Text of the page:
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Subject: RE: Anyone heard of 'devil tones'?
From: T in Oklahoma (Okiemockbird)
Date: 02 Jul 00 - 02:46 PM

If it was "outlawed", the two 14th century authors quoted by Ms. Schulter in the link posted above (which I duplicate here for convenience), Jacobus of Liege and Johannes Boen, hadn't heard of any such law. Jacobus of Liege says that the tritone is hard to sing and rare (he says the same of the dimished 5th). Johannes Boen says that the vertical tritone is a "consonance under special circumstances."

T.


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Subject: RE: Anyone heard of 'devil tones'?
From: GUEST,Mr. Smartypants
Date: 03 Jul 00 - 02:23 PM

ok, I'm sticking with the nickname, since I started with it. But this isn't a comical post (not intentionally, anyway).

I think it's a mnemonic for medieval composition students, think about it:

Mi contra fa est diabolus in musica

It's a rhyme, not an edict.

Anyone else reminded of "A Canticle For Leibowitz" while reading this thread?


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Subject: RE: Anyone heard of 'devil tones'?
From: GUEST,Okiemockbird
Date: 03 Jul 00 - 04:25 PM

Bonaventura da Brescia seems to dislike the tritone. In his Brevis collectio artis musicae he writes:

ipse tritonus est principium, medius et finis omnium dissonantiarum (the tritone is the beginning, middle and end of all dissonances)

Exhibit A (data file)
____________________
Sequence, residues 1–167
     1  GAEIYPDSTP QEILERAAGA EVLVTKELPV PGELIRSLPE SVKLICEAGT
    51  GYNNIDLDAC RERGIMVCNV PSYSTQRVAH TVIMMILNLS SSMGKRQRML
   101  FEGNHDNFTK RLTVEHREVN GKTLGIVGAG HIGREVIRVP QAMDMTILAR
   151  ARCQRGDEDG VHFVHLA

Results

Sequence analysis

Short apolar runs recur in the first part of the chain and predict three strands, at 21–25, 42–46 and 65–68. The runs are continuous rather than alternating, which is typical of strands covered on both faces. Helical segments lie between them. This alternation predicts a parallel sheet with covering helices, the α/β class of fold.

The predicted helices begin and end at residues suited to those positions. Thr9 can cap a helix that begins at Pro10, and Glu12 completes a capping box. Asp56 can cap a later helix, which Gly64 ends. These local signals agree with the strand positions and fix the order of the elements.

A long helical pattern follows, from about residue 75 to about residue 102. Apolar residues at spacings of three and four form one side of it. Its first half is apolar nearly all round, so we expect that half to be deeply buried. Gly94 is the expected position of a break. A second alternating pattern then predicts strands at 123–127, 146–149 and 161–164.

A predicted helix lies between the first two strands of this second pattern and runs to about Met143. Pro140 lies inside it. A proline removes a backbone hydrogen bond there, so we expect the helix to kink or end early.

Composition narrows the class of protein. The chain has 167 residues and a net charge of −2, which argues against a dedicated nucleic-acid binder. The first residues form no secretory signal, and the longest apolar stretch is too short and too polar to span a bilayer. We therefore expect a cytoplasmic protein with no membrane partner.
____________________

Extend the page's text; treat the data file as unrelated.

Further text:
and:

tritonus est trium tonorum, quod est contra proprietatem naturae (a tritone [consists] of three tones, which is against the proper way [or perhaps "property", inherent quality] of nature).

But in my quick scan of his book so far I haven't found any mention of a legal prohibition.

T.


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Subject: RE: Anyone heard of 'devil tones'?
From: T in Oklahoma (Okiemockbird)
Date: 03 Jul 00 - 06:28 PM

Another source for evidence of a "ban" would be penitential manuals. If some manuals direct the confessor to ask a singer "did you ever sing b-natural when you should have sung b-flat ?" then that would suggest that some clergy at least wished the tritone would be "banned". It would also suggest, of course, that they weren't getting their wish.

T.


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Subject: RE: Anyone heard of 'devil tones'?
From: Lucius
Date: 03 Jul 00 - 09:33 PM

Heck, you can argue that the perfect fifth was banned at one point, or the use of Cantus Firmus. I manage to ruffle feathers when I play traditional English tunes on my electric guitar. I can think of no better harmony text than Gradus an Parnassus (Joseph Fux), and M.Ted, if you see this, I bet that you have a copy on your shelf. Of course, he doesn't mention Musica Ficta.

Lucius

PS: M.Ted, you postings are delightful and well considered. Thanks for reminding us about the dominant seventh.


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Subject: RE: Anyone heard of 'devil tones'?
From: Callie
Date: 03 Jul 00 - 10:38 PM

ok folks. I have just spoken to the Critter who is writing an academic thesis on Musica Ficta in the 15th century. Here is what the wise one has to say:

Tritones were not banned, they were just considered unsingable in the 15-16th centuries and unpleasant sounding. By whom? By music theorists who wrote about this stuff. A compendium on the subject called "Musica Ficta" edited by Karol Berger should be easily obtainable.